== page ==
In February 2019, public school students of the United States marked a major victory. Fifty years ago, the decision in Tinker v. Des Moines Independent Community School Districtexonerated one middle school and two high school students who had been forbidden to wear black arm bands to school to protest the war in Vietnam. The most-often quoted line from the decision, written by Justice Abe Fortas, is that students do not “shed their constitutional rights to freedom of speech at the schoolhouse gate.” So long as their expression is not disruptive, and does not promote illegal drug use (Morse v. Frederick), students in the U.S. retain their right to freedom of expression.
So, fifty years after Tinker, what does freedom of expression look like for Canadian kids? The somewhat disturbing answer is that we just don’t know. Why don’t we know?
From time to time, when I was director of education for the Canadian Civil Liberties Association and Education Trust, we would hear from a student or a parent who had experienced an incident in a school where the student had been disciplined or threatened with discipline for speaking out or for wearing “offensive attire.” Each time I received such a call or message, I would become excited. Maybe this would be the one that CCLA could take to court to test the Charter Right to freedom of expression in public education. Could Canada get a decision like that in Tinker? To make a very long story short, it never happened.
What is it about Canada, or about the way in which our various systems of authority view young people, that makes it so unlikely that a case like Tinker would happen here?
I think there are a few issues at play. Firstly, I believe that, on the whole, most adults do not see minors as being fully endowed with rights. Because there are age-limits on a wide variety of privileges and obligations, many assume that ALL rights are unavailable until the age of majority. Simply because we have laws that require young people to attend school, to be cared for by their adults, and laws that keep them from driving, voting, purchasing certain substances, and entering into contracts, does not mean that they do not have the same fundamental freedoms that we all enjoy.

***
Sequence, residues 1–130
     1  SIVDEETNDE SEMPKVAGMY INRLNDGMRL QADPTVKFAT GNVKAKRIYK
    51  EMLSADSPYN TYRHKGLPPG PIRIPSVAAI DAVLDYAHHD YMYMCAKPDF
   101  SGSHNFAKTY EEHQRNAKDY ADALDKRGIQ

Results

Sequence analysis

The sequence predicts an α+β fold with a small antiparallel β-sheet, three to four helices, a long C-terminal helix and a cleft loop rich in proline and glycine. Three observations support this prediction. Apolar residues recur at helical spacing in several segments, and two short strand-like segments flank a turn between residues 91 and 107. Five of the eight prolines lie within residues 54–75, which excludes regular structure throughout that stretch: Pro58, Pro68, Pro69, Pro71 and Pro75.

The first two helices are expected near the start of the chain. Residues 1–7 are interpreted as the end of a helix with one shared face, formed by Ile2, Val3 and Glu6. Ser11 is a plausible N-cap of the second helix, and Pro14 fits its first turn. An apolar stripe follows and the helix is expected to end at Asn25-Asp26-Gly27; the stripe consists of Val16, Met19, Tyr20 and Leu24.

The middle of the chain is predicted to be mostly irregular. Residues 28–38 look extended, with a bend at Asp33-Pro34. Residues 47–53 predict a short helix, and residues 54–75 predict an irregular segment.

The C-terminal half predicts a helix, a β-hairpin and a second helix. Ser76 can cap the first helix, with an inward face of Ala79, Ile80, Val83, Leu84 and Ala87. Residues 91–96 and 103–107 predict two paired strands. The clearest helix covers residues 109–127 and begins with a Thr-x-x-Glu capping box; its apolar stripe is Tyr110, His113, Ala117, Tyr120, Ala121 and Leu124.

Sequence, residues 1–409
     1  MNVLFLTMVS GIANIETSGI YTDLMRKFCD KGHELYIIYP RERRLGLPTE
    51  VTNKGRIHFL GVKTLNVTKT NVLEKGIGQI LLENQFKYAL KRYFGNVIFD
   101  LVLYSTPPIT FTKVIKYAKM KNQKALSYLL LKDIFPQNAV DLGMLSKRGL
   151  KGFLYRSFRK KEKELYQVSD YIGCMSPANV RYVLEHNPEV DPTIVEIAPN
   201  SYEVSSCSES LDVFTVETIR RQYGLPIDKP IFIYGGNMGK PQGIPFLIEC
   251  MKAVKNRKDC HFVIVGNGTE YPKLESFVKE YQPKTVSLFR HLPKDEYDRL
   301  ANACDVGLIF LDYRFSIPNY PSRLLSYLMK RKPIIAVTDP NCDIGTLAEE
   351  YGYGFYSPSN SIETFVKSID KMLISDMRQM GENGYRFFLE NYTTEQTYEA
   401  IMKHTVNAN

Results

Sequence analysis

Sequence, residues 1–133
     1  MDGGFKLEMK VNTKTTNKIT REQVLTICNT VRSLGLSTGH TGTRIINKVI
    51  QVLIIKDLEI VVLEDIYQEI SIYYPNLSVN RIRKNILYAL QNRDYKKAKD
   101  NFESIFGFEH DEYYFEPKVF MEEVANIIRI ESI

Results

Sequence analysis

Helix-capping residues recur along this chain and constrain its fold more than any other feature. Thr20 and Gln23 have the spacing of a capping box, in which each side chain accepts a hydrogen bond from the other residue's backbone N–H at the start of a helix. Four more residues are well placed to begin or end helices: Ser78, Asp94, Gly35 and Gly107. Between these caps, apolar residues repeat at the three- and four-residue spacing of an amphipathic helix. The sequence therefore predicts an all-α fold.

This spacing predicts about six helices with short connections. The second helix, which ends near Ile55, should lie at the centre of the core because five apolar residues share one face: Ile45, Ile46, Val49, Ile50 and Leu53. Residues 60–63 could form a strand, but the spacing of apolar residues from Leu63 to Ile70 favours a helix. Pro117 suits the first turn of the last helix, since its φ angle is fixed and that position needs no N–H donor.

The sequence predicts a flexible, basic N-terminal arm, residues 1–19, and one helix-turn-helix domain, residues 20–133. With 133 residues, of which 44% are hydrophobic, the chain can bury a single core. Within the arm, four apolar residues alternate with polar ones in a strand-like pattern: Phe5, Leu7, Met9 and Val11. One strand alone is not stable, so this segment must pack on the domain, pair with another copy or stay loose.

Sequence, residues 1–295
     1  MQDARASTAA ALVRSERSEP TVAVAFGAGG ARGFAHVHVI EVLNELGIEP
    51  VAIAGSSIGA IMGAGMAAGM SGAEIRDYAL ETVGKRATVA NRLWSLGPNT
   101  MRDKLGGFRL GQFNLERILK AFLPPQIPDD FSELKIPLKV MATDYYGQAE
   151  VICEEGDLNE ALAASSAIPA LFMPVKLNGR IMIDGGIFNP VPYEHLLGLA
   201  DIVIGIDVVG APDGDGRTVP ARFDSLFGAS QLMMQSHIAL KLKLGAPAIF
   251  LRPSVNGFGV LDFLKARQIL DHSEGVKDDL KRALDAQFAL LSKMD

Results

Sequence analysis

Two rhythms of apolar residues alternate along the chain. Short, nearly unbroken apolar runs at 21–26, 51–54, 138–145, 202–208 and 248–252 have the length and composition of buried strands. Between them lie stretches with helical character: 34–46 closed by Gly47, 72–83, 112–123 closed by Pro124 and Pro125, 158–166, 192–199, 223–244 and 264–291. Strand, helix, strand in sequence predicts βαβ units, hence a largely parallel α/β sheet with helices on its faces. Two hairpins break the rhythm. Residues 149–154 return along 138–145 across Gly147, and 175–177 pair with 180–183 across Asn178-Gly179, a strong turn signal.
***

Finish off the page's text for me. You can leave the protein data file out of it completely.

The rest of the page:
Section 1 of the Charter tells us that all our rights will be subject to “reasonable limits.” While it may be reasonable to curtail young people’s behavior where that behavior could harm them or others, what is reasonable about a school dress code, a no-hats rule, prior restraint for student publications, and punishment for dissent? While adults can voluntarily enter into agreements to limit their expression in workplaces, young people, by virtue of mandatory education, are obliged to surrender many of their rights “at the schoolhouse gate.”
It appears to me that in Canada, young people and their families are very unlikely to challenge school censorship. This may be because some families believe that the censorship is a good way for kids to learn about the “real world” – they will need to obey unreasonable limits in the workplace as well in society at large. Perhaps adults think that kids’ expression is trivial. It could not be worth going to the barricades over something a young person wants to express -- even if the kids are making a good argument, it’s not worth the fuss. And, besides, school suspension is not a very severe form of punishment – who cares if a kid is kept from going to school for a few days? And of course, some adults think that kids will develop “good manners” if they learn to curtail their expression early. After all, no one likes a complainer, right? All the above arguments are, in fact, self-fulfilling.
We can still teach our children to have good manners. They can learn that it is important to think critically before they express themselves. We all need to ask: Why do it? Can we achieve or begin to effect change? What are some of the possible side effects or outcomes of our expression? Could we be causing more harm than good?
But, if we teach our children that their rights are unimportant or negligible, they will grow up believing that they cannot change or even rail against injustice. If we do not, as adults, stand up for the free expression of our children, even where we might believe that expression to be inconsequential, how can we expect those young people to protect our rights when they are older?
Teaching young people to think about, understand, and practicetheir rights should be an obligation of adults everywhere. Since Canadians do not have court decisions that set a standard for the protection of expression of young people in schools, it is up to the rest of us to keep fighting for and listening to our kids.